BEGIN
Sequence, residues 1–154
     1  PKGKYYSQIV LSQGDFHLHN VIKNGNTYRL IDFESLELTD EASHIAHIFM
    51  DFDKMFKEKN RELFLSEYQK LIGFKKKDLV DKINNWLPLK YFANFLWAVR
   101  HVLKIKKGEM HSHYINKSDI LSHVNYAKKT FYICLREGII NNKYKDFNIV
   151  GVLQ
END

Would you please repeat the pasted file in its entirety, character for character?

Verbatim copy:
Sequence, residues 1–154
     1  PKGKYYSQIV LSQGDFHLHN VIKNGNTYRL IDFESLELTD EASHIAHIFM
    51  DFDKMFKEKN RELFLSEYQK LIGFKKKDLV DKINNWLPLK YFANFLWAVR
   101  HVLKIKKGEM HSHYINKSDI LSHVNYAKKT FYICLREGII NNKYKDFNIV
   151  GVLQ